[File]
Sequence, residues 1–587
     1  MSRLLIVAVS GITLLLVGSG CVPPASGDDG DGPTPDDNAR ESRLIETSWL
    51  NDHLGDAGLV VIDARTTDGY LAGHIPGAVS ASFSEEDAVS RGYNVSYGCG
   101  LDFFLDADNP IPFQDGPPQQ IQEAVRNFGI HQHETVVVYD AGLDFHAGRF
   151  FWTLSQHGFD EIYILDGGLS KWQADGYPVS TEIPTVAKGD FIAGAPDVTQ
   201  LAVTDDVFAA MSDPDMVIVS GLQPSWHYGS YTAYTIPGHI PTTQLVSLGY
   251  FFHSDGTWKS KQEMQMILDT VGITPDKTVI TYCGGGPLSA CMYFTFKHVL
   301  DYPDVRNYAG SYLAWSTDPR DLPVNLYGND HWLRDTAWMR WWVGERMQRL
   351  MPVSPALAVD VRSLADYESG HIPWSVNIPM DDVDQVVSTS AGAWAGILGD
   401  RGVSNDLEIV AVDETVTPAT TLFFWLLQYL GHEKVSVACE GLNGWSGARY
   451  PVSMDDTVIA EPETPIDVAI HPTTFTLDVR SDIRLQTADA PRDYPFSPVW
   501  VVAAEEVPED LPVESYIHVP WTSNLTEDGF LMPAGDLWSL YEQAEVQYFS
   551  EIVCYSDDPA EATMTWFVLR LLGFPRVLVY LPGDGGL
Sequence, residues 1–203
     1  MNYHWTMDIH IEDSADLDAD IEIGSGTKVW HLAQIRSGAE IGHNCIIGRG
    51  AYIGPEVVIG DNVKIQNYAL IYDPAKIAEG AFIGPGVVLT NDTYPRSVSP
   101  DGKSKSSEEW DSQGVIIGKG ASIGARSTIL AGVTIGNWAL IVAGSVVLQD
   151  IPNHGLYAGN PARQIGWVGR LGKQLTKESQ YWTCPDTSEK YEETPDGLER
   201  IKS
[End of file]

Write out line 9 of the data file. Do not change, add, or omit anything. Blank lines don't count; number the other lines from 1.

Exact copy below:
   351  MPVSPALAVD VRSLADYESG HIPWSVNIPM DDVDQVVSTS AGAWAGILGD